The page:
George Grey

Sir George Grey, KCB (14 April 1812 – 19 September 1898) was a British soldier, explorer, colonial administrator and writer. He served in a succession of governing positions: Governor of South Australia, twice Governor of New Zealand, Governor of Cape Colony, and the 11th premier of New Zealand.[2]

Sir George Grey

Sir George Grey in 1861
11th Premier of New Zealand
In office
13 October 1877  8 October 1879
GovernorGeorge Phipps
Hercules Robinson
Preceded byHarry Atkinson
Succeeded byJohn Hall
3rd Governor of New Zealand
In office
18 November 1845  3 January 1854
Preceded byRobert FitzRoy
Succeeded byThomas Gore Browne
In office
4 December 1861[1]  5 February 1868
PremierWilliam Fox
Alfred Domett
Frederick Whitaker
Frederick Weld
Edward Stafford
Preceded byColonel Thomas Gore Browne
Succeeded bySir George Bowen
Governor of Cape Colony
In office
Preceded byGeorge Cathcart (Charles Henry Darling acting)
Succeeded byPhilip Edmond Wodehouse (Robert Wynyard acting)
3rd Governor of South Australia
In office
15 May 1841  25 October 1845
Preceded byGeorge Gawler
Succeeded byFrederick Robe
Personal details
Born(1812-04-14)14 April 1812
Lisbon, Portugal
Died19 September 1898(1898-09-19) (aged 86)
South Kensington, London, England
(m. 1839; died 1898)
RelativesJohn Gray (uncle)
EducationRoyal Grammar School, Guildford
Alma materRoyal Military College, Sandhurst

Grey was born in Lisbon, Portugal, just a few days after his father, Lieutenant-Colonel George Grey was killed at the Battle of Badajoz in Spain.[2] He was educated in England. After military service (1829–37) and two explorations in Western Australia (1837–39), Grey became Governor of South Australia in 1841. He oversaw the colony during a difficult formative period. Despite being less hands-on than his predecessor George Gawler, his fiscally responsible measures ensured the colony was in good shape by the time he departed for New Zealand in 1845.[3]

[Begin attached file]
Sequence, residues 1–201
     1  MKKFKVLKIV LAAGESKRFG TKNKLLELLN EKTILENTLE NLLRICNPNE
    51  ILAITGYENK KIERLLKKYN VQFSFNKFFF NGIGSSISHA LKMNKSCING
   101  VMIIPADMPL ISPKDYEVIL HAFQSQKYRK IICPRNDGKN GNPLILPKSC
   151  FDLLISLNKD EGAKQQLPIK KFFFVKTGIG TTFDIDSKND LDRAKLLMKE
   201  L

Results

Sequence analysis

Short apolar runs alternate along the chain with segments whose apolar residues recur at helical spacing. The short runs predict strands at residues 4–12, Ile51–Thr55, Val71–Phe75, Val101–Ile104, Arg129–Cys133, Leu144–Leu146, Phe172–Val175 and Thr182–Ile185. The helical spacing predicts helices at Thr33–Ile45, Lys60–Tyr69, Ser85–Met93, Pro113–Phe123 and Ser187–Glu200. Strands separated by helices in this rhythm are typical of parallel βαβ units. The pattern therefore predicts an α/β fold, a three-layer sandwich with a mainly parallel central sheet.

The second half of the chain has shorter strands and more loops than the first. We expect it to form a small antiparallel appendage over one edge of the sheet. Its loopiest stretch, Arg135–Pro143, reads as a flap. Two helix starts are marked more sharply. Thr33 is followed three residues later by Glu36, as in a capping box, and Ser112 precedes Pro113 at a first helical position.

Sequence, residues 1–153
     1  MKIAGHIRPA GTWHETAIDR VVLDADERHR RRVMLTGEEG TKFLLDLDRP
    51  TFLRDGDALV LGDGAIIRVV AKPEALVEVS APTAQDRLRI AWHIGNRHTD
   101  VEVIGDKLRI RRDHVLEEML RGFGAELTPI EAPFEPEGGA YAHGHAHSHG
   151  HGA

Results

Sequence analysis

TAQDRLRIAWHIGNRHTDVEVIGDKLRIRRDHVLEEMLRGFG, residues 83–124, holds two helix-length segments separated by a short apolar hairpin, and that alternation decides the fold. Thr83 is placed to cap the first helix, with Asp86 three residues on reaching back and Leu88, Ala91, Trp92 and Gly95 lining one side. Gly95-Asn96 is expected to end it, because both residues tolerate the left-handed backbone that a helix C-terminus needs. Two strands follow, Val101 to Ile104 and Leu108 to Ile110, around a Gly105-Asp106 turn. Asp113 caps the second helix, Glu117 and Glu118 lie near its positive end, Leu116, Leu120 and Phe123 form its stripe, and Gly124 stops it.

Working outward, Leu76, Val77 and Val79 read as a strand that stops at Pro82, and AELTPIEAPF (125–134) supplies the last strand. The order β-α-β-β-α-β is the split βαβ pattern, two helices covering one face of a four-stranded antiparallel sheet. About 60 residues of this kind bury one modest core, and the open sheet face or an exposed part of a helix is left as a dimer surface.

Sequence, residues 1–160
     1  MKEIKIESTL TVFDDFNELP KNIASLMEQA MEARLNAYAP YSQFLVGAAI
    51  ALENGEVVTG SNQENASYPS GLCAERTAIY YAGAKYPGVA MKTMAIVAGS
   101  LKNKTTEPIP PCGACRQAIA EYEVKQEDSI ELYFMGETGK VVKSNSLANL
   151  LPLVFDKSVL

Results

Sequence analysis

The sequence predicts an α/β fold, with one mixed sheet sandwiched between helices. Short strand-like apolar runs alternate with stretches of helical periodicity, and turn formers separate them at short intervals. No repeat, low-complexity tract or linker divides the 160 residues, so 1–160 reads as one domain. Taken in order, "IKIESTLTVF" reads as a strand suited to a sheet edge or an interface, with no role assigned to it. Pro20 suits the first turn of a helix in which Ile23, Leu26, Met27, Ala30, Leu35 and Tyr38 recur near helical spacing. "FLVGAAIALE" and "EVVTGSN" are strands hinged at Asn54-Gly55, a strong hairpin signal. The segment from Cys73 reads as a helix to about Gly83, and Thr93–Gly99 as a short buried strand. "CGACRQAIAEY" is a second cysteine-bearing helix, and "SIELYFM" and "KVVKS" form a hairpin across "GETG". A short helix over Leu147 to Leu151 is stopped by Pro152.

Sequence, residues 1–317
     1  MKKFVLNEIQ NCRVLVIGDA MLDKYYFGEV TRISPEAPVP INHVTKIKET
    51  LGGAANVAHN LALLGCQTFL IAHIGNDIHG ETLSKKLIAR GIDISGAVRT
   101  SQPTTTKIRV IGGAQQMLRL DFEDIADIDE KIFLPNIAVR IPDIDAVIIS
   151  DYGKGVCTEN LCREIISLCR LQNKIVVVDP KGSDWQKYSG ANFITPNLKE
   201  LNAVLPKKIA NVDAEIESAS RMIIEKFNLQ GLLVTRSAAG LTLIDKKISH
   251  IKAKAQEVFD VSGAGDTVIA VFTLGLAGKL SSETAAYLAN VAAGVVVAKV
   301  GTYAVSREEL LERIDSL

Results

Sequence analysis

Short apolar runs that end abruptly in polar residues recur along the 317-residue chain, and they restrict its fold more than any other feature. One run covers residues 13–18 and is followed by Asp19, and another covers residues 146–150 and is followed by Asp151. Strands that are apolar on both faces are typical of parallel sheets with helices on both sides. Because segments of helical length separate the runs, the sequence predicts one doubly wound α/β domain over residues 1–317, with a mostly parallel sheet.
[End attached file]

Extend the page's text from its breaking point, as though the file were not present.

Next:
Grey was the most influential figure during the European settlement of New Zealand. Governor of New Zealand initially from 1845 to 1853,[4] he was Governor during the initial stages of the New Zealand Wars and became a pioneer scholar of the Māori culture, writing a study of Māori mythology and oral history. He was knighted in 1848. In 1854, Grey was appointed Governor of Cape Colony in South Africa, where his resolution of hostilities between the natives and European settlers was praised by both sides. Grey was again appointed Governor of New Zealand in 1861, following the granting of a degree of self-governance to New Zealand, serving until 1868. Appointed in 1877 he served as Premier of New Zealand until 1879.

By political philosophy a Gladstonian liberal and Georgist,[5] Grey eschewed the class system to be part of Auckland's new governance he helped to establish. Cyril Hamshere argues that Grey was a "great British proconsul", although he was also temperamental, demanding of associates, and lacking in some managerial abilities.[6]